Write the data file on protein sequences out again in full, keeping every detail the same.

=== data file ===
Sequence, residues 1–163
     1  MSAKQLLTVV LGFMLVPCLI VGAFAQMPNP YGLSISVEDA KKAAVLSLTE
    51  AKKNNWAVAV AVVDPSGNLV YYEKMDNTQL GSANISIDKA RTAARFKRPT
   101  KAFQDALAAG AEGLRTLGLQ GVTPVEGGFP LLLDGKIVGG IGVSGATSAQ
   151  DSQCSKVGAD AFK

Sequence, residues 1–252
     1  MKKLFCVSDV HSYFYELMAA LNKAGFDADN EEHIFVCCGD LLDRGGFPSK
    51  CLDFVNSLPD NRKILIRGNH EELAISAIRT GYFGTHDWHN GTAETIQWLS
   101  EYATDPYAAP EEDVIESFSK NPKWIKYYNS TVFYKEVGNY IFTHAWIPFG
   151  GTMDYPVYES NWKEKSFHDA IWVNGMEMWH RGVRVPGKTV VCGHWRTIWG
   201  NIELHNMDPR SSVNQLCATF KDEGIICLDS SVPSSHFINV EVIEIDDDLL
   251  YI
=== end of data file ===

Sequence, residues 1–163
     1  MSAKQLLTVV LGFMLVPCLI VGAFAQMPNP YGLSISVEDA KKAAVLSLTE
    51  AKKNNWAVAV AVVDPSGNLV YYEKMDNTQL GSANISIDKA RTAARFKRPT
   101  KAFQDALAAG AEGLRTLGLQ GVTPVEGGFP LLLDGKIVGG IGVSGATSAQ
   151  DSQCSKVGAD AFK

Sequence, residues 1–252
     1  MKKLFCVSDV HSYFYELMAA LNKAGFDADN EEHIFVCCGD LLDRGGFPSK
    51  CLDFVNSLPD NRKILIRGNH EELAISAIRT GYFGTHDWHN GTAETIQWLS
   101  EYATDPYAAP EEDVIESFSK NPKWIKYYNS TVFYKEVGNY IFTHAWIPFG
   151  GTMDYPVYES NWKEKSFHDA IWVNGMEMWH RGVRVPGKTV VCGHWRTIWG
   201  NIELHNMDPR SSVNQLCATF KDEGIICLDS SVPSSHFINV EVIEIDDDLL
   251  YI